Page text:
RabbitMQ includes its own persistent message database, which is optimised for messaging use cases. But what if you just have to use Oracle or MySQL? Or, what if you want to experiment with combinations of RabbitMQ with the latest and greatest NoSQL key-value store? Now you can do that.  Please contact us if you want to write a driver for your favourite store.

Natively Multiprotocol

Our aim is lower the cost of integration by making messaging simpler, providing a stable manageable server, and supporting the main technologies that you need.

Rabbit has supported AMQP since its very inception. RabbitMQ began with support for AMQP 0-8, and as AMQP evolved, added support for 0-9-1 on a branch.  AMQP 0-9-1 is fewer than 50 pages long, making it highly readable, as well as tree-friendly. A shorter, simpler protocol is easier to implement and validate which is important for customers who want AMQP from more than one vendor.

With the 2.0 release, RabbitMQ can now directly support multiple protocols at its core - with AMQP 0-8 and 0-9-1 pre-integrated.

In addition, RabbitMQ extensions provide support for a wide range of protocols including XMPP, STOMP, HTTP JSON/RPC, pubsub for HTTP (e.g. Google's PubSubHubBub), and SMTP.

Contact us if you want support for more protocols, or have questions about our future plans; e.g.: providing a safe evolutionary path to future versions of AMQP.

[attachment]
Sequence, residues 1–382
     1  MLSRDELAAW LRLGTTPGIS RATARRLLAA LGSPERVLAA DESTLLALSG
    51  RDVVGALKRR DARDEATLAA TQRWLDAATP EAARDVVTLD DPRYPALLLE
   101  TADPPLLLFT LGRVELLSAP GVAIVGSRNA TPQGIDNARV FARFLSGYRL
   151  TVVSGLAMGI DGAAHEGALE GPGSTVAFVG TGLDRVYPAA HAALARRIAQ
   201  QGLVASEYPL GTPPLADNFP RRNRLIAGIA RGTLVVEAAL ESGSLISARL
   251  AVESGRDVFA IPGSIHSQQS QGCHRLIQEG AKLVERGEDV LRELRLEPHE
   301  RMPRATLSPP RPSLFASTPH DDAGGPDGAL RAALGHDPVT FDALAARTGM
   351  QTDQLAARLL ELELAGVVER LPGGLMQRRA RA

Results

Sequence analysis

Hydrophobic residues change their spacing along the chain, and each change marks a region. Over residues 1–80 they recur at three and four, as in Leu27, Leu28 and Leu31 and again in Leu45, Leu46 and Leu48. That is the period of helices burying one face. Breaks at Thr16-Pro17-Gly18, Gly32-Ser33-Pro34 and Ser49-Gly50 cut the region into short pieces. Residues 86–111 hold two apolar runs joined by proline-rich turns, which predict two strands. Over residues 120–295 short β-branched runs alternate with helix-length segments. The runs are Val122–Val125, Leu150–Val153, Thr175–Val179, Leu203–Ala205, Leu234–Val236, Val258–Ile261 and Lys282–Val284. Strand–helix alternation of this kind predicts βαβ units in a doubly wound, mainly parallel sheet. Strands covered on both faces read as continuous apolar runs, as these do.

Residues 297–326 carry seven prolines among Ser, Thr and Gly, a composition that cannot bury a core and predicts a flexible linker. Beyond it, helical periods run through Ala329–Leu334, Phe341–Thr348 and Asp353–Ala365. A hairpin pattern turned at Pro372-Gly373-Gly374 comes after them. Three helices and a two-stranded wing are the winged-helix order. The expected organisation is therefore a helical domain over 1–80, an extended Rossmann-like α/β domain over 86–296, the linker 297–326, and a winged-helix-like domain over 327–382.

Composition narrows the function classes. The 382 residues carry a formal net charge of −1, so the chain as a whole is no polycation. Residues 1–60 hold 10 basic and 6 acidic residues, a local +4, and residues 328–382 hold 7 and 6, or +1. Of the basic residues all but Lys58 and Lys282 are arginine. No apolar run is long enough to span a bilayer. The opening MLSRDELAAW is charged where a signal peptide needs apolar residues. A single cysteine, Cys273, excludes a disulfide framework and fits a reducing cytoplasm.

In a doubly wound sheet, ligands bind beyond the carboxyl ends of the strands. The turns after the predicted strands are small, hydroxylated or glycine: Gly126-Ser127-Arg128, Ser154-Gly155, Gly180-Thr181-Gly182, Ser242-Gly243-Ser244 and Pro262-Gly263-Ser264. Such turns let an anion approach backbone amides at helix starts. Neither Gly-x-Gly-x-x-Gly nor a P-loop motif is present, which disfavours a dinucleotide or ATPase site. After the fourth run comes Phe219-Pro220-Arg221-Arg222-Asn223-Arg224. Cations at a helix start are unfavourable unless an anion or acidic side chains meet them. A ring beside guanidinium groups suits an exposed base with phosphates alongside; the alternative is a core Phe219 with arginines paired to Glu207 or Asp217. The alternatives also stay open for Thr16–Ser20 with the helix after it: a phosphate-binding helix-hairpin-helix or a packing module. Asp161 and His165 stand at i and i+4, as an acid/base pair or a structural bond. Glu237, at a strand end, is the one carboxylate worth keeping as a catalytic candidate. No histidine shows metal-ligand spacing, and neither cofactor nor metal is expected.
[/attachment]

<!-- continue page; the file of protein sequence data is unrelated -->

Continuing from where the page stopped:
Better Plugin Support

We aim to provide support for a wide range of messaging applications without making the broker bloated and complex.  Plugins are key to this.  They let us and you extend and customise the capability of RabbitMQ.  Previously you could only load our plugins by building from source.  With the 2.0 release we are distributing pre-compiled plugins.  Drop them into a directory from where RabbitMQ can load them.

To get a feel for what you can do, I recommend taking a look at Tony Garnock-Jones excellent introduction to plugins from the last Erlang Factory.  Congratulations are due to Jon Brisbin for being the first person to create a plugin for RabbitMQ 2.0, in less than a day or two, adding webhooks for RabbitMQ.  Matthew Sackman and Tony Garnock-Jones have also created some custom exchanges.  Please note that many of these are demos and examples so the usual caveats apply.

First class Spring support in Java and .NET from SpringSource

We think that messaging should be intuitive regardless of the application platform you develop for. In Java, the clear leader is Spring and we are part of the SpringSource division of Vmware, thus adding fully fledged Spring support was a must. We are extremely grateful to Mark Fisher and Mark Pollack from the SpringSource team for bringing this to fruition. With the release of RabbitMQ 2.0 we are highlighting to the whole community that Spring support is officially available.

If you are a .NET user, you have been able to run RabbitMQ as a Windows service, and use it from .NET languages and WCF for some years now. This is great if you want to do messaging from Windows based applications, such as Excel, to back end services written in Java or any other of the hundreds of AMQP integration points. Now, with Spring.NET support we offer you a common application development model as well, that works equally well in both Java and .NET.